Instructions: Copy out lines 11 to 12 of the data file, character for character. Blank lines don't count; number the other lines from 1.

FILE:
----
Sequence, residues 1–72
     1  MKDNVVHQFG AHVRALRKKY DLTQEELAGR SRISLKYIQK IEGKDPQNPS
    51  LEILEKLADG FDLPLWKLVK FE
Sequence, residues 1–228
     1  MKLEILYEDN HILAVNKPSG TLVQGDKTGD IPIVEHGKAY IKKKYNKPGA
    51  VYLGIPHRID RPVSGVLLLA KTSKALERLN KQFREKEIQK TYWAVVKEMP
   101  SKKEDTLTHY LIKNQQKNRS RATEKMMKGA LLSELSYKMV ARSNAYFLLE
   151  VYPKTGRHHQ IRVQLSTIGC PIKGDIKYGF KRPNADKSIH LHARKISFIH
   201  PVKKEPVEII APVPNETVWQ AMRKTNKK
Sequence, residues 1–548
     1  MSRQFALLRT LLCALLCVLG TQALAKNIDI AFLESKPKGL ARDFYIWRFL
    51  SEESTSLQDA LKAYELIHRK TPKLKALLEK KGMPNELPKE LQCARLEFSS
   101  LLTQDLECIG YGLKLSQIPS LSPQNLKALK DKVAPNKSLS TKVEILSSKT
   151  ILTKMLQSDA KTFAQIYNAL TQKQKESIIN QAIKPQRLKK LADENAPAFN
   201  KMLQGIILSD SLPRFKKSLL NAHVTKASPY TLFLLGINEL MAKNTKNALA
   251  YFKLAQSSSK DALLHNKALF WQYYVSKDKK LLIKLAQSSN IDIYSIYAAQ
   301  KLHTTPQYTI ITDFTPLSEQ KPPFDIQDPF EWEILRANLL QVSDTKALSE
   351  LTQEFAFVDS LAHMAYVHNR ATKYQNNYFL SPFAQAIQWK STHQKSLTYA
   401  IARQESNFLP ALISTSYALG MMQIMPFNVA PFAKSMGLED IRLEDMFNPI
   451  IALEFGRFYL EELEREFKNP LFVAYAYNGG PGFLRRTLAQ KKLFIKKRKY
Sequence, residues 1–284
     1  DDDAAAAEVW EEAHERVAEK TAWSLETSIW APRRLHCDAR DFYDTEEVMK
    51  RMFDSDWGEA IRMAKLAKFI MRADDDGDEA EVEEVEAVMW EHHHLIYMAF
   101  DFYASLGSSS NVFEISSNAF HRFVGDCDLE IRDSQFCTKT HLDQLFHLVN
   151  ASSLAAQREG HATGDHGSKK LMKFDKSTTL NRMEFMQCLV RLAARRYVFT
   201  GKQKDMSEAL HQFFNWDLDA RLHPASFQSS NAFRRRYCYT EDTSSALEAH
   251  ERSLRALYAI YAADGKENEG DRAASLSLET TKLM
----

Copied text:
     1  MSRQFALLRT LLCALLCVLG TQALAKNIDI AFLESKPKGL ARDFYIWRFL
    51  SEESTSLQDA LKAYELIHRK TPKLKALLEK KGMPNELPKE LQCARLEFSS